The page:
14 May 2020
“I’m facing financial crisis. I don’t understand how will pay mortgages, household expenses and children education fees without income. I am away from family for almost 10 weeks without employment. Seafarer to be treated as essential worker and give priority for employment.”
London. UK. Since April, Human Rights at Sea has been put on notice of cases of seafarers stranded on board vessels, stuck in hotels, and in some cases without salaries been paid without having recourse to employer or union support.
Today, the charity issues an insight from one seafarer who approached the organisation for urgent assistance, and who remains stranded in a foreign State unable to get home while now relying on welfare handouts.
The issue of stranded seafarers continues globally and following the issuance on 5 May of a comprehensive 12-point step ‘roadmap’ developed by a supply chain coalition led by industry and unions in cooperation with UN agencies, according to the International Chamber of Shipping 150,000 crew will now require change over. This, however, is not happening on the scale needed to reflect legal requirements and maintain the previously well-established crew change system.
As the effect of COVID-19 lockdown measures varies internationally from State-to-State, for seafarers sailing across the globe, it stands to reason that they will experience and be subject to the vagaries of a current decentralised and disjointed policy approach to managing the effects of the virus.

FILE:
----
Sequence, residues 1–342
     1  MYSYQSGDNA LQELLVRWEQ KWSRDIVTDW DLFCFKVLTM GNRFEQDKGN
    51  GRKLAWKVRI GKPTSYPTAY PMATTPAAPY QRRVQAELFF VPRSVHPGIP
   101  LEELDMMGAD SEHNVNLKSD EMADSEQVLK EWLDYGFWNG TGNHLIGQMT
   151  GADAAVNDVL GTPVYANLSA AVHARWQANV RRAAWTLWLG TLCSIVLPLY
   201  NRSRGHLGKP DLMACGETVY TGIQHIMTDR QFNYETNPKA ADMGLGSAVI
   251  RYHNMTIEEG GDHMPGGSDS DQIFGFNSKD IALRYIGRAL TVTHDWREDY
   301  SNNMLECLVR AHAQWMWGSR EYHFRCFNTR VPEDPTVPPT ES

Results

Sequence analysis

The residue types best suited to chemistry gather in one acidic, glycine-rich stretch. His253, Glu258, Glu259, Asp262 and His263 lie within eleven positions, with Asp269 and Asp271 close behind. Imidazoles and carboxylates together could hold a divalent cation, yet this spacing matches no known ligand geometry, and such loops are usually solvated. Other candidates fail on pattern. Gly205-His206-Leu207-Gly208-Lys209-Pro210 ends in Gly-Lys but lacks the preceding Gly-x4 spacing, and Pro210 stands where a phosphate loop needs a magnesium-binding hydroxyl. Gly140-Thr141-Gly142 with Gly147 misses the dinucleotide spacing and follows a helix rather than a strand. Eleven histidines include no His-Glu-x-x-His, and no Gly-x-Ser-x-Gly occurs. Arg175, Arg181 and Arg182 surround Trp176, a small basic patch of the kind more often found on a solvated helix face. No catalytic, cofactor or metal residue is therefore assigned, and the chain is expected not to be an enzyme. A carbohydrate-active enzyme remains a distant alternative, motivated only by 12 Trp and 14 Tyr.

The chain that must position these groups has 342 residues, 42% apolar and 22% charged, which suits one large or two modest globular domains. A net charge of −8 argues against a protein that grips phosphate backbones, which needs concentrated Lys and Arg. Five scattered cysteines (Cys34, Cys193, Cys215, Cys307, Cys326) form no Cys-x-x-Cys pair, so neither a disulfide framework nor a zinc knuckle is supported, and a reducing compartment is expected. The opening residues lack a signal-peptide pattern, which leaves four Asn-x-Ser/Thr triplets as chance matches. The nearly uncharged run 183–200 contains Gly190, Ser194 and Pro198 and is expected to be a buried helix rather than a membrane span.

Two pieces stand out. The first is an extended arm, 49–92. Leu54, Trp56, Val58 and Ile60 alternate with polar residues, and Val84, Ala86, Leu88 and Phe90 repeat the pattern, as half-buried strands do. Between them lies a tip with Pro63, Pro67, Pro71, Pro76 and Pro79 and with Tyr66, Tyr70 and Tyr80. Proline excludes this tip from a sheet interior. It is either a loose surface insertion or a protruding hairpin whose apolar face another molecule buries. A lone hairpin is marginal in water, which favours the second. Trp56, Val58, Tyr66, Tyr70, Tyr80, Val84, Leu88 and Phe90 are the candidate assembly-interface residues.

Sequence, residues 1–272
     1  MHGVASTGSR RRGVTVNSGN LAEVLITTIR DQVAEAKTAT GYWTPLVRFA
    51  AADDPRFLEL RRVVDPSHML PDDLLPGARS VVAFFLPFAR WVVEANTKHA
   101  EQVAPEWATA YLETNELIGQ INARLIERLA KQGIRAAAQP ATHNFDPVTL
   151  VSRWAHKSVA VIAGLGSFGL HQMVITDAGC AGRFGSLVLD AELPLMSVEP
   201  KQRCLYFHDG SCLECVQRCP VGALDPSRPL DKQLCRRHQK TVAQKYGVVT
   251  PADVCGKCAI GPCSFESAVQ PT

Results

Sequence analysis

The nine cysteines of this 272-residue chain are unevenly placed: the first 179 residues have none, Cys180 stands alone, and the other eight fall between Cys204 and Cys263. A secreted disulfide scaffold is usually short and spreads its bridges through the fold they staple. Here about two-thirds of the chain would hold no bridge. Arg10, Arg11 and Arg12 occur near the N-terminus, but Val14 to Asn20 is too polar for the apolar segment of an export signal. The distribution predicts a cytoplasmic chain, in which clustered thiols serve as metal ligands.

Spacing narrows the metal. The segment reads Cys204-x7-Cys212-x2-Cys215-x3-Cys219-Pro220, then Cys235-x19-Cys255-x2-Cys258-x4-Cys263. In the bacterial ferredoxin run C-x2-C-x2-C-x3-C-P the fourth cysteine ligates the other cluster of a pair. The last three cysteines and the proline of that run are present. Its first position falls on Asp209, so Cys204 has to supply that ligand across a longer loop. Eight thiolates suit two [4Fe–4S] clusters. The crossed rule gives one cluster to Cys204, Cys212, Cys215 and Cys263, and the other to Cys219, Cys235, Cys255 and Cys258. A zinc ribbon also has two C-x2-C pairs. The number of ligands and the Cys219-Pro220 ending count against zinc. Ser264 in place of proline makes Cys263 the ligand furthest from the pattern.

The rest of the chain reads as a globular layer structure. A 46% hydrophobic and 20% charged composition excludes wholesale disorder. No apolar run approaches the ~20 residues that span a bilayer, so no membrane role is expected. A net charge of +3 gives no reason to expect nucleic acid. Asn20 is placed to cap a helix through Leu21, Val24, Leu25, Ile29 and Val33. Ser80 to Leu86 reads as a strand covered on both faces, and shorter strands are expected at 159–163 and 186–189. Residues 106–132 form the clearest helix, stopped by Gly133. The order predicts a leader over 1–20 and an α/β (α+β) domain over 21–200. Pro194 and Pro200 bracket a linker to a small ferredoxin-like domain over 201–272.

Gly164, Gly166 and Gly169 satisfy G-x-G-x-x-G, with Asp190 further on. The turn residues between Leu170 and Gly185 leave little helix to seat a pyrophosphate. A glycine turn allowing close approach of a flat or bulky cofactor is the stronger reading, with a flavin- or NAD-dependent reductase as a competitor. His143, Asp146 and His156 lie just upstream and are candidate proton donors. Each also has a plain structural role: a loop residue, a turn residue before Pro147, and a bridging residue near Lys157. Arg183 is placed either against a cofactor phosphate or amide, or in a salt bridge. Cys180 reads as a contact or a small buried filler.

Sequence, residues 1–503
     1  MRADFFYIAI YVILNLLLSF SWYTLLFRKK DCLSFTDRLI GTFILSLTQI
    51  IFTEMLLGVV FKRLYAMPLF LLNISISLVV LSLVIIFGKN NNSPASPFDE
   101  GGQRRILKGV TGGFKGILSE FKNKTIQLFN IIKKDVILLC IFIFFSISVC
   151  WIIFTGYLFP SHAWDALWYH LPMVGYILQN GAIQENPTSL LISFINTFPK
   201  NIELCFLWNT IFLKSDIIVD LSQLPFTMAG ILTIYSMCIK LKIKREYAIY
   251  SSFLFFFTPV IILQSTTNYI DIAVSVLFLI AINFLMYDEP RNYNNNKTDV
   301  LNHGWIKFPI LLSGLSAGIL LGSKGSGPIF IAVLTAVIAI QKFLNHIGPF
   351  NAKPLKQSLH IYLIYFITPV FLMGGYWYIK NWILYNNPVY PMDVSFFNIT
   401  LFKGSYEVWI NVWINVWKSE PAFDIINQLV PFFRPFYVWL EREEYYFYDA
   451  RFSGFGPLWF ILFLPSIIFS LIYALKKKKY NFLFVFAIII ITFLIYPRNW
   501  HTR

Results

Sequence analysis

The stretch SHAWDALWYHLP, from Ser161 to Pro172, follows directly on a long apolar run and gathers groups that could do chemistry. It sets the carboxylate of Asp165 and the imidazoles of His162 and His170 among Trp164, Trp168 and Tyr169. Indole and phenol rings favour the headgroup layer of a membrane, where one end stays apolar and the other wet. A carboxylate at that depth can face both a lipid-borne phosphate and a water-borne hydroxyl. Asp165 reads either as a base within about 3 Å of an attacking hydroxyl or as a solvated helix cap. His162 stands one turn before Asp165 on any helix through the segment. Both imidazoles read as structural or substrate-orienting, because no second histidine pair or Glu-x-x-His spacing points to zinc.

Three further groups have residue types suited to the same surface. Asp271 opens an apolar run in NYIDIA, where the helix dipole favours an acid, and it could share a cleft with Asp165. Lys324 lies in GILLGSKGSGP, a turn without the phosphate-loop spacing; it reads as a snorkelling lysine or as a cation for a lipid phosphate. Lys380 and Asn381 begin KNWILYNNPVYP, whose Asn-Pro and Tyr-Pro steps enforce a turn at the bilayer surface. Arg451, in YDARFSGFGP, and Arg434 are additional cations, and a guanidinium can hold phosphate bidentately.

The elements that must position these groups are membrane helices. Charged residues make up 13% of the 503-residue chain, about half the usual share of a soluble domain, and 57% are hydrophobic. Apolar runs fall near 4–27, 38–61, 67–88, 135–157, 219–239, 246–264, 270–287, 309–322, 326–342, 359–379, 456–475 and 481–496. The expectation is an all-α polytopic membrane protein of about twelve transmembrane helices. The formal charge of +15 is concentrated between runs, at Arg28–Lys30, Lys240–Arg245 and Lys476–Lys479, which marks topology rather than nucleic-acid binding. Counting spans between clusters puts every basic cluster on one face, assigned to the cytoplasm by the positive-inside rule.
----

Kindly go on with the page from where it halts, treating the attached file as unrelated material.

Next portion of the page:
It is perhaps too early, or too unrealistic, to expect any immediate global response to the 7 May 20 IMO endorsed 12-point plan to implement a unified system for crew changes that is immune from the whims of individual State decision-making. It is clear, however, that in order to limit the burden on seafarers and their families, harmonised processes and procedures need to be uniformly and urgently adopted by Governments throughout the world.
It has now been widely reported that seafarers are suffering a disproportionate level of iniquity as a result of the lockdown measures implemented by States. Whether they are unable to leave a vessel and return home, or, unable to join a vessel and left in a hotel room (sometimes at their own expense), depression, homesickness and the mental anguish brought on by the inherent uncertainty of the times is a very real and present welfare issue.
The UK Government has helpfully categorised seafarers as ‘critical workers’. Because their work is so vital, the Government wishes to ensure that seafarers are able to carry out their jobs with as few constraints as possible, which means, among others, being able to use necessary transport links. But not all States have adopted the same policy.
Travel restrictions imposed by Governments trying to contain the pandemic’s spread are clearly inhibiting crew changes, while the vital role shipping plays in ensuring that supply chains remain unaffected during these times has never been more apparent.